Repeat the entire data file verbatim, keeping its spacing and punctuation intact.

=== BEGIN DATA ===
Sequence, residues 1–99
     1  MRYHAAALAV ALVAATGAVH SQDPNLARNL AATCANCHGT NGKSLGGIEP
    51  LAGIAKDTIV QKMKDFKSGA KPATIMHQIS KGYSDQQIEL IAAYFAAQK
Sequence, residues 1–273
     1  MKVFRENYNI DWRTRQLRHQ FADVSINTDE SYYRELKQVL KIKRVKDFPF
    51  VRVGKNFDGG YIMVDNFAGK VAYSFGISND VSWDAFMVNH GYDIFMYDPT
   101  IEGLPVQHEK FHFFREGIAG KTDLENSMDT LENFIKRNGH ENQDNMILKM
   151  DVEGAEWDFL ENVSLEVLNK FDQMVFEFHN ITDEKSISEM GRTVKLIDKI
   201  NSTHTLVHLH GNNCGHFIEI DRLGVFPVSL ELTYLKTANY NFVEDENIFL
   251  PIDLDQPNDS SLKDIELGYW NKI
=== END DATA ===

Sequence, residues 1–99
     1  MRYHAAALAV ALVAATGAVH SQDPNLARNL AATCANCHGT NGKSLGGIEP
    51  LAGIAKDTIV QKMKDFKSGA KPATIMHQIS KGYSDQQIEL IAAYFAAQK
Sequence, residues 1–273
     1  MKVFRENYNI DWRTRQLRHQ FADVSINTDE SYYRELKQVL KIKRVKDFPF
    51  VRVGKNFDGG YIMVDNFAGK VAYSFGISND VSWDAFMVNH GYDIFMYDPT
   101  IEGLPVQHEK FHFFREGIAG KTDLENSMDT LENFIKRNGH ENQDNMILKM
   151  DVEGAEWDFL ENVSLEVLNK FDQMVFEFHN ITDEKSISEM GRTVKLIDKI
   201  NSTHTLVHLH GNNCGHFIEI DRLGVFPVSL ELTYLKTANY NFVEDENIFL
   251  PIDLDQPNDS SLKDIELGYW NKI